How to hack into 4 million hotel room, NFC hacked and other stuff from Black Hat security convention


Black Hat

It’s not a secret that every year a convention in the US keeps awake all the various law enforcement agencies from around the world. It’s called black hat and it’s a convention whose aim is to bring to light security flaws in application, websites, and anything else technical.

A couple of items  stood out for me this year:

Black Hat - Apple

Apple was there: Apple who has been noticeably absent from the security conventions have attended the conference for the first time. This speaks volumes about their level of concern about their operating system. No longer is MAC virus/ malware free as we have seen with recent attacks, MACs are just as susceptible to attacks as everyone else.


Black Hat - NFC

NFC hacked: Charlie Miller, from Accuvant Labs,  figured out a way to break into both the Google/Samsung Nexus S and Nokia N9 by using Near Field Communication (NFC) capability in the smartphones. Charlie demonstrated how he could crash the phone, read files on it and even make phone calls simply by being near it. Charlie’s device used to access the phone was the size of a postage stamp so it could easily be hidden next to a NFC payment system and take over the victim’s phone.

Black Hat - NFC

Hotels locks not safe: Hotels no longer give you a physical key to access your room, but you get a card that you insert into the lock to open the door. Cody Brocious, a Mozilla software developer demonstrated that with a $50 Arduino Microcontroller you can get access to 4 million hotel rooms – and it’s untraceable. The root of the hack is that the hotel lock keeps its unique 32 key identifier (“sitecode”)on the lock itself and by plugging in an Arduino Microcontroller and reading back to the lock its own identifier, it opens the door. The scary part that there is no quick way to fix this one. Every single lock has to be changed.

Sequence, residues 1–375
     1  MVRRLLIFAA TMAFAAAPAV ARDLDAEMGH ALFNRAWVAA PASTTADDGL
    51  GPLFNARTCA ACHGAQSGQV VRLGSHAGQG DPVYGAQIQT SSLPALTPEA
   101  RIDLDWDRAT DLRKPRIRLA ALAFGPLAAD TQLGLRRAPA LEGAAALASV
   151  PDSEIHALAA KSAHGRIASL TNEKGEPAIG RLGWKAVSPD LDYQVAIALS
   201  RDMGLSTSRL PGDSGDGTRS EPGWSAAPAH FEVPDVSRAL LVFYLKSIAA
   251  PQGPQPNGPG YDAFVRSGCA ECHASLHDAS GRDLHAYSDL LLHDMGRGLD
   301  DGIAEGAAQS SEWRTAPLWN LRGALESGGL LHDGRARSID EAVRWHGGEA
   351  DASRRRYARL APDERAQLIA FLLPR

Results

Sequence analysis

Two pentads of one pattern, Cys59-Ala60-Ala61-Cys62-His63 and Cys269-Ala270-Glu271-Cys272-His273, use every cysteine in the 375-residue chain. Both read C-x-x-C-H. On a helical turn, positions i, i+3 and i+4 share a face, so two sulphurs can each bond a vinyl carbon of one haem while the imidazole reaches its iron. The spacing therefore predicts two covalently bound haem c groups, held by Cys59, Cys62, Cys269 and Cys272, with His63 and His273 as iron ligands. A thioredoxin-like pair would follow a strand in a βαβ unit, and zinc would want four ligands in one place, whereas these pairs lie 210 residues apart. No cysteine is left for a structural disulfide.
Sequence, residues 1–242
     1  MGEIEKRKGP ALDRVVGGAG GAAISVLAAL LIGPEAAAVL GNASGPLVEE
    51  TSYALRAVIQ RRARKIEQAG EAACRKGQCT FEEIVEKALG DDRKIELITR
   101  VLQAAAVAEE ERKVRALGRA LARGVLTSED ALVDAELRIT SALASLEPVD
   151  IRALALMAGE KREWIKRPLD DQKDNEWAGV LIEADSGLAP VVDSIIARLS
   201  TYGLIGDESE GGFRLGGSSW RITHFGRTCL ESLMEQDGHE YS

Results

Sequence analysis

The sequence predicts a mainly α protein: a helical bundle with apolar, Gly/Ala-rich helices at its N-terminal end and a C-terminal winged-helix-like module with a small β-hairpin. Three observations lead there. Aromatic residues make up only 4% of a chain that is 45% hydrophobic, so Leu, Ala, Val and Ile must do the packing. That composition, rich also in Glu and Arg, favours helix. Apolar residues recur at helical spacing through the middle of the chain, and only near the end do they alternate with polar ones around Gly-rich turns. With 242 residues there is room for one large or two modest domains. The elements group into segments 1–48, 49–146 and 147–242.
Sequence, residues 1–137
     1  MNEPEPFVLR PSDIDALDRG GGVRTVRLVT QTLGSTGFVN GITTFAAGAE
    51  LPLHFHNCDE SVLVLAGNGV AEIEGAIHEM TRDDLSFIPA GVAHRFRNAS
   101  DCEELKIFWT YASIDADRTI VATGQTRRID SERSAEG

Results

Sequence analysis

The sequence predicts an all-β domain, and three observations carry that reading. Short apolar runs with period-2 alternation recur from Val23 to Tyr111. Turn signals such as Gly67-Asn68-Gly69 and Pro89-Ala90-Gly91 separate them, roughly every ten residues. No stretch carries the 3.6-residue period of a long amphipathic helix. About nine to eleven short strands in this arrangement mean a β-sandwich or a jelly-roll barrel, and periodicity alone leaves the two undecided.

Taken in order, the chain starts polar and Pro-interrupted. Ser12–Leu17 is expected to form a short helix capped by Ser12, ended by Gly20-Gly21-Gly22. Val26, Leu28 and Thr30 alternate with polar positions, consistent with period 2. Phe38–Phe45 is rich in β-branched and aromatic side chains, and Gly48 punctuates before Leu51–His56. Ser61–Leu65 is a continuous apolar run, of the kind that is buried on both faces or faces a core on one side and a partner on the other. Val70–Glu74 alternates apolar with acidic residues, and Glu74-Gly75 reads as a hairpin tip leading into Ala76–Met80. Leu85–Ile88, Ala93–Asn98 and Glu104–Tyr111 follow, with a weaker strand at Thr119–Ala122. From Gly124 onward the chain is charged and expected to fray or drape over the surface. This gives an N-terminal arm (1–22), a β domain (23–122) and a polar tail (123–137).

Full details of how this is done are available on his website

Black Hat - NFCChrome & Android issues: Android vulnerability was also exposed by Matt Johansen and Kyle Osborn from Whitehat Security. They have revealed a number of security issues in Google’s Chrome which could still be used maliciously.

They developed their own “extension” that allows an attack to launch internet port scan from the web browser with some simple coding. Osborn confirmed that he was able to upload the malicious extension to Google’s Web store by passing their internal virus-checkers.


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